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Sister, your Home Depot stories have convinced me that marriage was indeed the right vocation for me. My husband makes those trips for me now. Sometimes I go along, but he does the work. (aaaaalleluia!)
Sister, how much Purgatory time does Mr. Gower have to look forward to for having come on to a nun? Aren't nuns married to God? I can't imagine making a pass at His spouse is good for one's eternal soul...
Dear Kasia, the sad thing is I don't believe that Mr. Gower was 'coming on" to Sister St. Aloysius. I believe he was trying to make a light hearted joke. I have a feeling Mr. Gower does indeed have PLENTY of Purgatory time coming for a myriad of reasons, like not helping customers at his own whim.
Ahh...I had to think overnight about what kind of "light hearted joke" Mr. Gower could have been making. Now I think I must have added time onto my own Purgatory experience by assuming the worst about Mr. Gower... :-)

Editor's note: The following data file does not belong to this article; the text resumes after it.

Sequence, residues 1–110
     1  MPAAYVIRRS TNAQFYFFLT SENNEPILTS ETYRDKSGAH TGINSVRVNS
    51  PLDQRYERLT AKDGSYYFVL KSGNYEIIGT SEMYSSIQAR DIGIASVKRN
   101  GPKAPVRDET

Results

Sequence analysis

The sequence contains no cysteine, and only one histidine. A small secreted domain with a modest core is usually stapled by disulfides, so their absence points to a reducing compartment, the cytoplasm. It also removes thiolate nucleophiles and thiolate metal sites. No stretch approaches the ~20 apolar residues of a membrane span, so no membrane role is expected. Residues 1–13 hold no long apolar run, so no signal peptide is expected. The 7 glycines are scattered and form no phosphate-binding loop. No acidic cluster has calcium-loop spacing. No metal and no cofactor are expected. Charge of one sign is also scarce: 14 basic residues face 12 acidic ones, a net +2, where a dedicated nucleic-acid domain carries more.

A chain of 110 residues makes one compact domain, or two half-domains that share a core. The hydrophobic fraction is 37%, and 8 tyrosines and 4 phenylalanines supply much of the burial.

Copper sulfate granules, sister? Or were those the ones in their own Hazmat suit? If you don't get satisfaction & your pipes are old PVC you might want to get a plumber out there. We had a lovely set of elm roots coming in the trap in our bathroom and it turned out the guys that laid the original pipe hadn't cemented it at the joints.
Box stores are Purgatory.
You poor thing! Our Home Depot has a Harvey's; much better!
Sister, a question has arisen at my blog and I thought I'd go to the expert here: was the miracle of the Loaves and Fishes related to the Sermon on the Mount, or were they totally separate events?
Sister Mary Martha,
I was trying to refrain from posting again, but this was just TOO GOOD. The "Wonderful Life" reference: my pals & I watch it every Christmas, sometimes twice, and practically know it line-by-line!
The instant you mentioned "rummy" -- I had the image!
P.S. You see? I REALLY am reading all your archives...